The cold descends upon Taipei in a subdued manner–without the loud hurrah of a falling of autumn leaves, or of snow.
At first, you are just relieved to be reprieved of months, yes, many months, of relentless heat and humidity–how June bleeds into September on this island! Then, well into October, you find yourself excited to wear clothes that exceed the barest minimum of coverage–a method of survival through the summer. Then, the time comes that you can turn off the air conditioning for a long while, and then, the best part–you can hike at noon, you can go for a brisk run, you can walk the city streets with joie de vivre rather than heatstroke, again.
By the time it is kind of cold, as it is now, on this burgeoning day of December, you are pleasantly surprised that this winter thing is happening at all.
The winter thing is more than manageable here. It can be a little wet and chilly–today, there is steady rain running down the sides of concrete buildings. There will be a dreary week when we see no sun at all. But there are also the lucky days, when the sky is blue and the world warms up completely. Because the sun still shines with some force at this latitude, it almost feels like summer again–only cooler, and softer, and golden.
Those days are the blessed ones. But if you can make it out to the mountains, so are the ones of endless rain–the ferns become slick to the point of fluorescence, there is fungi blooming on fallen trees; the forest floor, a mosaic, alive.
Even in the subtropics (Taipei is just above the Tropic of Cancer) these rhythms are deeply felt: spring is for the budding and summer is for the ripening; fall harvests, then winter drops you back into bare bones, and warm homes, for reflection and rebirth, a touch of survival before revival.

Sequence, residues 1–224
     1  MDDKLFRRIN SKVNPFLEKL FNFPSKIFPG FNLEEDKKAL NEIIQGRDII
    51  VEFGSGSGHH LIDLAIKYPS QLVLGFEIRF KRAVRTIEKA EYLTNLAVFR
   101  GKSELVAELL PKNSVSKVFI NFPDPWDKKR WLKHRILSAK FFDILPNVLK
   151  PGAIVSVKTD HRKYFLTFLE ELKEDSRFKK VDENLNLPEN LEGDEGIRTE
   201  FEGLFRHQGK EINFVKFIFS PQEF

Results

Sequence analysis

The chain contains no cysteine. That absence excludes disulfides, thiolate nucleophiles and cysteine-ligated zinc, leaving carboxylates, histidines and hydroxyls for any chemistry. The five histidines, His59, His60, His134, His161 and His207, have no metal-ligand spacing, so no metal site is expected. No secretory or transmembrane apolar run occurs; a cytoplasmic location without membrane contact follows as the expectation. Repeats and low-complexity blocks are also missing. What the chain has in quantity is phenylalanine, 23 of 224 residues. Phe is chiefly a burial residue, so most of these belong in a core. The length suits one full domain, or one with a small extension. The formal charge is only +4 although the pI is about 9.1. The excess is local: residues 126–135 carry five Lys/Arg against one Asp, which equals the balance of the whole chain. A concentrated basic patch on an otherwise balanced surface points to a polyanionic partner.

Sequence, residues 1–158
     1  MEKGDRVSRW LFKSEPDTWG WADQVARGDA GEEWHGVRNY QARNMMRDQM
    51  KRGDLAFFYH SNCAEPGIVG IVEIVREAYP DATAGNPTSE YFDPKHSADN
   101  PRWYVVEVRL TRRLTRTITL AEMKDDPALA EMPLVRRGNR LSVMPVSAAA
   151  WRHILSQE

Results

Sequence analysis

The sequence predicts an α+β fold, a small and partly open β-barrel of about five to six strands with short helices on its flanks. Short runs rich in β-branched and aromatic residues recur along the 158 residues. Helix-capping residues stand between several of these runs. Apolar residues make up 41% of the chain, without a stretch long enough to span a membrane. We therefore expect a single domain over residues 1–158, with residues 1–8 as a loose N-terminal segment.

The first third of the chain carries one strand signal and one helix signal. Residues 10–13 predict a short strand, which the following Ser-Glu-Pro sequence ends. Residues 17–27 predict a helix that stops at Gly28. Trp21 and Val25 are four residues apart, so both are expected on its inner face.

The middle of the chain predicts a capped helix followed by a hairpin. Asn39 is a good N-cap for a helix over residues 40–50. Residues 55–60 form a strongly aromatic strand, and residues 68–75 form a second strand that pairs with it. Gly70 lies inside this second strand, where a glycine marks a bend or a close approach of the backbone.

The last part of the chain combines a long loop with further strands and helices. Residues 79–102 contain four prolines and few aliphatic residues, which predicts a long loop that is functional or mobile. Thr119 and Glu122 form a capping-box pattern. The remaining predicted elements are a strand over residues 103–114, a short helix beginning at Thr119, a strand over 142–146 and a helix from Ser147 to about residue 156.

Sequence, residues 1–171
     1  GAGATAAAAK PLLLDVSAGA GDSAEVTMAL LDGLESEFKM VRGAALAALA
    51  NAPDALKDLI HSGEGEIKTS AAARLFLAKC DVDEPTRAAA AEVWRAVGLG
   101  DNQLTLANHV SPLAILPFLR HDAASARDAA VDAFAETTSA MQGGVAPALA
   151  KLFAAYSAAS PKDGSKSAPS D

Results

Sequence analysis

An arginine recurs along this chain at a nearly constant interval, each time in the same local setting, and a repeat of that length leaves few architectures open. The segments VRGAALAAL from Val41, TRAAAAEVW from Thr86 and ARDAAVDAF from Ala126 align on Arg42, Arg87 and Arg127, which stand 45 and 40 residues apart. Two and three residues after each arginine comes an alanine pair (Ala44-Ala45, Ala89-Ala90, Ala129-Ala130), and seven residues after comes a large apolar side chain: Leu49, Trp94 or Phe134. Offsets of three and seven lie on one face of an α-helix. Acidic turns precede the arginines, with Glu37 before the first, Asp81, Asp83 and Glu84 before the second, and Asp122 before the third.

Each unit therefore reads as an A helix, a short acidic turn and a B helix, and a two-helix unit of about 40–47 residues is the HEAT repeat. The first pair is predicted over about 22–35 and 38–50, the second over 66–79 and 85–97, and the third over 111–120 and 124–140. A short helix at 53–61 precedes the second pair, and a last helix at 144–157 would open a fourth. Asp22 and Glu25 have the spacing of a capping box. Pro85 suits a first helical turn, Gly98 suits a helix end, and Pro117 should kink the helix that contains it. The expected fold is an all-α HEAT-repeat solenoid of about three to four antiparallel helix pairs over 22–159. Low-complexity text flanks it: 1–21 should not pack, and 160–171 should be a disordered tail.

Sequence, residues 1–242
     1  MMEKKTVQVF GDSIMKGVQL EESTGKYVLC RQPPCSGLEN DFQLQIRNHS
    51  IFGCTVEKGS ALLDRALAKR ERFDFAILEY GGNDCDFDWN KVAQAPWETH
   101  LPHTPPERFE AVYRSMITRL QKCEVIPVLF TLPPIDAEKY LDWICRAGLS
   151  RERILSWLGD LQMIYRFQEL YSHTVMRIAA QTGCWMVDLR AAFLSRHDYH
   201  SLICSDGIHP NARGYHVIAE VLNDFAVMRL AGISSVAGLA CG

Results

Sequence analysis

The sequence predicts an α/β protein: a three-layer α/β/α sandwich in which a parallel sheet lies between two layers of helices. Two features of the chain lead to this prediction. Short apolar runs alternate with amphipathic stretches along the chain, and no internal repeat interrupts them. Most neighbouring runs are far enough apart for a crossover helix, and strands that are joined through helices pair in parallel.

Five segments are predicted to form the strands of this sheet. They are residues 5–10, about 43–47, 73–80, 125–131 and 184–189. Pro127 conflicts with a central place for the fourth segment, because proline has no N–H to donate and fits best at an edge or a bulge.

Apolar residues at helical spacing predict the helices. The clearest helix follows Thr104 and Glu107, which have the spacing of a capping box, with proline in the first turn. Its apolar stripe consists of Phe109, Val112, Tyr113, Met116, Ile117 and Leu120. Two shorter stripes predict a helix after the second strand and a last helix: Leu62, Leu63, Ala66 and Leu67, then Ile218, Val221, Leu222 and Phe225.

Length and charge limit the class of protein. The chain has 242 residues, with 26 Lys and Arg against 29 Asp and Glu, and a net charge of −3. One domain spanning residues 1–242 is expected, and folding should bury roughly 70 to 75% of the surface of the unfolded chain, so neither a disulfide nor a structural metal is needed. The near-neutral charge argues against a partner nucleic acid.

Here are some of my very favorite wintry-ish poems for you, as we round the bend into a new year. May these words nourish and inspire as we retreat softly into this inward-looking, hearth-centered state of winter.
From ‘Mayakovsky’ by Frank O’Hara.
The country is grey and
brown and white in trees,
snows and skies of laughter
always diminishing, less funny
not just darker, not just grey.
It may be the coldest day of
the year, what does he think of
that? I mean, what do I? And if I do,
perhaps I am myself again.
From ‘After great pain, a formal feeling comes – (372)’ by Emily Dickinson.
The Feet, mechanical, go round –
A Wooden way
Of Ground, or Air, or Ought –
A Quartz contentment, like a stone –
This is the Hour of Lead –
Remembered, if outlived,
As Freezing persons, recollect the Snow –
First – Chill – then Stupor – then the letting go –
In its divine entirety, a poem that strums at the very deepest of my heart-and-mind-and-soul-strings, a poem that I would wish to have written myself, except then it would be less of a delight for me to read–‘Come Prima’ by A.R. Ammons.
perfection in the being
of my being,
that I am
holy in amness
as stars or
that the universe,
moving from void to void,
pours in and out
there is a point,
that fills space,
that is plenitude:
a void that is all being,
a being that is void:
I am perfect:
the wind is perfect:
ditchwater, running, is perfect:
I raise my hand
Ahhhhhhhhhhh. Thank you.
Last month, in a period of waking up into writing after a long period of not writing, I scribbled: i feel happy to know that even in these periods of less creation, the writing was… fermenting in itself. ripening for my re-reading and my understanding… to need space from your own words, of course. to need time to marinate, but also the freedom to not have time to write, of course. to need experiences to write from, of course… it’s both. it’s all of it. life is coming together–it always was.
The new world is breathing so loudly now, it wakes me from sleep at night, like the baby’s wails from an unseen apartment nearby.
With so much love